Now let’s return to that roadside rest – the last one before the Peace Arch crossing, where Canadian shoppers have a time-honoured tradition of stopping to discard packaging that identifies the new stuff in their trunks as ‘imports’. We didn’t buy anything, but we had to stop to dig out our passports, which were in my computer bag.

The computer bag that was … omigod … NOT in the car.


A frantic call to the motor inn where we had stayed Friday night. Had anyone turned in a black bag, maybe in the breakfast lounge? Yes. Is there a laptop in it? Yes. How about a couple of passports? Yes.

I started to breathe again.

We didn’t even discuss what to do next. (In fact, there was a distinctly chilly silence in the car that lasted several hours). There was zero choice involved. At three o’clock yesterday afternoon we turned south and headed back to the place we’d left at eight o’clock the same morning: Eugene, Oregon. And my Sunday? It would now be reduced to a re-run of Saturday in a butt-numbing version of the “Groundhog Day” time warp.

One whole day scratched off the calendar, 14 hours of driving, and a lot of gas guzzled – all because I was subconsciously trying to shake the writing hook.

Oh, I could blame my not-quite-as-sharp-as-before memory. Write it off to a seniors’ moment. But that would be too logical, too easy. Incidents that defy explanation, that just leave you shaking your head, that make you cringe just to think about them … these incidents BEG for interpretation. If no deep and enduring meaning can be found, perhaps at least an interesting neurosis or a hidden fear might be unearthed.

There’s an old adage that when you inadvertently leave a personal item behind somewhere, it’s because you secretly want to go back to that place. I don’t know if it’s true, but it’s one of those things that sounds ‘truthy’, and besides it’s a handy way to excuse yourself and compliment your host at the same time when you leave your hat at a friend’s house after a wine-drenched dinner party.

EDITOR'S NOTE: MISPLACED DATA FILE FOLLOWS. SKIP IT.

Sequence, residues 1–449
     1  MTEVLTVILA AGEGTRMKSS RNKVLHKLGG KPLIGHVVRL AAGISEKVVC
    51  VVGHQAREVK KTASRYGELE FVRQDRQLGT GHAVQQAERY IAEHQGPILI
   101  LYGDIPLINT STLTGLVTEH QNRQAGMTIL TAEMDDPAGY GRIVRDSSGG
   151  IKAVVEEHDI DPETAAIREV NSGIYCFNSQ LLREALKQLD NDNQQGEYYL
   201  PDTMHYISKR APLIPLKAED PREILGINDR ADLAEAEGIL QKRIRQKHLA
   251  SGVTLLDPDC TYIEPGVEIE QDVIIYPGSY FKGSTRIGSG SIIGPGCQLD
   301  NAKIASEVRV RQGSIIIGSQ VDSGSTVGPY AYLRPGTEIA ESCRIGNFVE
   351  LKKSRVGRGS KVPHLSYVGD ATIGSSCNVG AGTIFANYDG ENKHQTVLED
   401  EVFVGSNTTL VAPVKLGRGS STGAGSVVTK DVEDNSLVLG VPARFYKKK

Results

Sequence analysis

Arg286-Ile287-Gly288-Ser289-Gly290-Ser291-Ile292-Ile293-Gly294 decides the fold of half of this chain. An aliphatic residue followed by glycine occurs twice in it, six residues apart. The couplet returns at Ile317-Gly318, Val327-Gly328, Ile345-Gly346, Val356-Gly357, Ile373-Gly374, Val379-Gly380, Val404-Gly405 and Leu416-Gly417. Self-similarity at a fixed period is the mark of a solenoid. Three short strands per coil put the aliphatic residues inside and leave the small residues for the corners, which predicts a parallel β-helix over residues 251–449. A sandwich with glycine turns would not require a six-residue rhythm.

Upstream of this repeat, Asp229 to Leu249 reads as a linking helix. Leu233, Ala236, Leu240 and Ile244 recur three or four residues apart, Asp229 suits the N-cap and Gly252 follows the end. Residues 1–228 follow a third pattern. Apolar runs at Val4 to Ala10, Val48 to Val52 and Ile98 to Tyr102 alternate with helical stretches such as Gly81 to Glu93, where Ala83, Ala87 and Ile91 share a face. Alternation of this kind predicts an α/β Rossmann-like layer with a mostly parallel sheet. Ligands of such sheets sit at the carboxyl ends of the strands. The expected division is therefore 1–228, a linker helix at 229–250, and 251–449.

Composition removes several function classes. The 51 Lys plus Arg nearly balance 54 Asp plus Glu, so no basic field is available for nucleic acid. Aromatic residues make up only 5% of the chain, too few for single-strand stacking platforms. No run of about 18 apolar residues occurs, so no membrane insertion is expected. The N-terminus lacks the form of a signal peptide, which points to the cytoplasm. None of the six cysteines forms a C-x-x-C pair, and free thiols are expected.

On the other hand, it could be that you secretly don’t really want that hat.

So, did I subconsciously leave my book behind in Eugene? Leave behind the growing angst of the galloping calendar and the blank white pages? Try to shake the hook that writing has sunk into me?

I didn’t fully appreciate, when I bit at that shiny lure, how sharply the hook would bite me back. Writing reels me in, plays with me, then lets me run free as though I’m not on the line. But the tug always comes again, hauling me back, painfully sometimes. Maybe I secretly long for the time when I could just stare blissfully at a sunset without thinking how I’d recreate the experience in words (without backstory, adverbs or too much tell tell tell).

But it’s too late for all that. I’m caught now. If my subconscious thinks it can shake the writing hook by sneakily leaving the dreaded computer 350 miles down the road, it has another think coming. So, this week’s stats:

Miles driven in the service of writing: 700

Words written this week: I’d rather not talk about it

Pies eaten: one slice of Thanksgiving pecan pie with ice cream

Who ate my pages?

Joe’s Post #9

Total number of pages written: 165

Total number of pages it seemed like I’d written: 22,341

Total queries sent out on Desert Rains: 5

Total queries on all other novels sent out: 0